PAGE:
Three Ways to Solve for Foot Traffic Attribution

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Tying ads to online conversions, purchases, and sales is simple and straightforward. Most ad platforms display these metrics on their dashboard home pages. They show you your ad spend per channel, click-through rate, and conversion value. Here’s what that looks like in Google Ads.

What most ad platforms cannot tell you is how your ads drove foot traffic to stores and other physical locations you care about. If driving foot traffic to retail locations is your job, Google Ads and other digital ad dashboards can’t help you. When in-store foot traffic attribution is crucial, how do you solve for it? 

In this article, we cover three ways to solve for attribution, ranging in difficulty from easy to hard. We look into easy options that are inexpensive but tend to be unreliable. We evaluate a medium option that has a moderate cost but is highly reliable and bypasses human error. And lastly, we look at a hard option that incorporates several tools and, while highly reliable, comes at a high cost and is difficult to scale.  

Easy Options


The simple question “how did you hear about us?” may seem like the best way to find out where your customers heard about your store, but there are drawbacks to this solution.

First, you can only ask customers who gave you their information or are making a purchase in store. This dramatically reduces your data set. Stores will not capture casual shoppers who pop in or who are never entered into the POS system. FocusVision, a consumer survey company, reports that response rates may be as low as 5%

Second, when customers do answer how they heard about your store, you have to rely on their memory. They may have heard a radio ad, seen a billboard and heard from a friend, but they may have forgotten some of these channels, or the survey may ask the shopper to select only one answer. Answers, when accurate, may be highly variable, making it difficult to discern patterns.  

Coupon Codes

This tried and true option is still viable. Use a keyword in your CTA on your digital ad or send a flyer to the zipcodes you hope your customers live in and tell them to bring in the coupon to receive 20% off their purchase. Codes are typically campaign-specific and can easily tie ads to in-store traffic. This option has its weak points. Customers may forget the keyword, leave their flyer at home, or come in when the coupon is expired.  

Medium Options

Location Data-Powered Foot Traffic Attribution

The power of location data drives the most reliable solution to foot traffic attribution, tying digital ad spend to in-store visits. With location data, advertisers create custom audiences of visitors to locations they care about and serve ads to those people. These audiences can be made up of current customers, your competitor’s customers, and visitors to locations advertisers otherwise care about. In your location-based marketing software where you created or accessed the audience, you can see what portion of your target audiences showed up in the locations you are advertising and calculate attribution.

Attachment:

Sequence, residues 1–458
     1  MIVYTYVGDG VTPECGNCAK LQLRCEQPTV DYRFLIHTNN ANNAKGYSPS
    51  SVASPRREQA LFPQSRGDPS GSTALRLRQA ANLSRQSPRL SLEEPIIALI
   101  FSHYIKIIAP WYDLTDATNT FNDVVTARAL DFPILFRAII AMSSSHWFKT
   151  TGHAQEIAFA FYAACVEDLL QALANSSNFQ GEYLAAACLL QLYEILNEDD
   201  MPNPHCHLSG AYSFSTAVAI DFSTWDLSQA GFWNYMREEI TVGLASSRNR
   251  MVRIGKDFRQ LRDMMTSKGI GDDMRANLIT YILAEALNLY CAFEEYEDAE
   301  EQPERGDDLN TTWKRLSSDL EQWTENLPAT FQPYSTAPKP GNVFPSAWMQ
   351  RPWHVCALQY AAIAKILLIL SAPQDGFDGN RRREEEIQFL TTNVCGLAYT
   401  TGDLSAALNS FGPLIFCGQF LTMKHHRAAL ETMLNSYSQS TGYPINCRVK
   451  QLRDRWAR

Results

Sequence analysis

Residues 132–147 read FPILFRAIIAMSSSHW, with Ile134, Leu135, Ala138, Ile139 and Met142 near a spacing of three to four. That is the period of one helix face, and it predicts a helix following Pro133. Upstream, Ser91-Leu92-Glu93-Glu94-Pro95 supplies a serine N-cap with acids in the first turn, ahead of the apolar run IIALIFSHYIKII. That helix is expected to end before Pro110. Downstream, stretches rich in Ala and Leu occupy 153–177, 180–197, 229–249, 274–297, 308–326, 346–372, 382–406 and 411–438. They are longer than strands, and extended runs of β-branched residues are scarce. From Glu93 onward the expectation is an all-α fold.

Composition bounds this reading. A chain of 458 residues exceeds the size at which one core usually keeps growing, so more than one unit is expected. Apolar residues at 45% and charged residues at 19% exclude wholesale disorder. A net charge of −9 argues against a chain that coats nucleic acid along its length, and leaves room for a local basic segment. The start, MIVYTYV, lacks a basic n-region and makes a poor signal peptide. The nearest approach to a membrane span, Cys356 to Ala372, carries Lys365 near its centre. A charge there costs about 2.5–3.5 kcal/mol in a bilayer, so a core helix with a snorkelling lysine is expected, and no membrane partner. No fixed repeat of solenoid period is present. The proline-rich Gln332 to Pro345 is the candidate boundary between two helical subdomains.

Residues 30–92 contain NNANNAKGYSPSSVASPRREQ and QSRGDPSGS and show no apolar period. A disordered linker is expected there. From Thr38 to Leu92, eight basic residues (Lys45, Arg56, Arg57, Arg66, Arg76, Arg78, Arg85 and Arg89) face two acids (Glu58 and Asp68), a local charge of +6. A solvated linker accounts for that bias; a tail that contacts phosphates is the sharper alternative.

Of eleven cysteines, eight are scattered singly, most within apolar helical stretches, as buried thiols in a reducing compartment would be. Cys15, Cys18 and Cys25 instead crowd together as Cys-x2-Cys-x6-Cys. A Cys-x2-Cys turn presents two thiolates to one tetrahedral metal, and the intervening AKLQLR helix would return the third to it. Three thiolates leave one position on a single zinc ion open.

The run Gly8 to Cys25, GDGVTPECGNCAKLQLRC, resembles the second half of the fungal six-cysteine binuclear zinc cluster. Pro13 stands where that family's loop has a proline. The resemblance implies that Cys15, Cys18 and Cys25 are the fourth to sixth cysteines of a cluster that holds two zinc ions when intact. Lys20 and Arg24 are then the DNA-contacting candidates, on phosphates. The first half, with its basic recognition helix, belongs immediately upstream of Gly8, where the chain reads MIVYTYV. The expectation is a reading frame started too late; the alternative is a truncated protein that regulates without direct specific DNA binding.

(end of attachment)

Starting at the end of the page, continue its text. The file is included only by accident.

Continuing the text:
Depending on the tools you’re using, location-based marketing software can also show you more detailed reports, such as foot traffic by day and comparisons to your competitors’ in-store traffic.

Pixel Tracking

Advertisers can take foot traffic attribution powered by location data a step farther by using pixels within their ad serving platform. With the addition of a pixel, marketers can see who was actually served the ad and tie that cohort of viewers to in-store visits. Combining location data and pixel tracking makes foot traffic attribution even more granular and powerful.  

Hard Option

Point-of-Sale Integration

The final and most difficult option for tying ad spend to in-store activity is what happens at checkout — what the customer actually buys and how much they spend. This provides the most detailed analysis of ROI on digital campaigns; however, visit, point-of-sale, and transaction data intersect with several layers of the tech stack, and the data can be siloed and difficult to integrate. Brands and retailers run multiple systems, and these depend upon complex, tight integrations. This takes engineering time and dollars.

Solving for foot traffic attribution is not hard when you take the right approach. To determine which is best for you, you must define your goals and decide how much you want to invest in attributing digital ads to in-store visits or transactions. The middle path is an ideal option for the many brands and retailers and the agencies that work for them. 

Street Fight recently reported on other ways marketers are making in-store metrics more reliable.

Laura Conway is the marketing manager at Reveal Mobile, a provider of location-based analytics, audiences, and attribution software.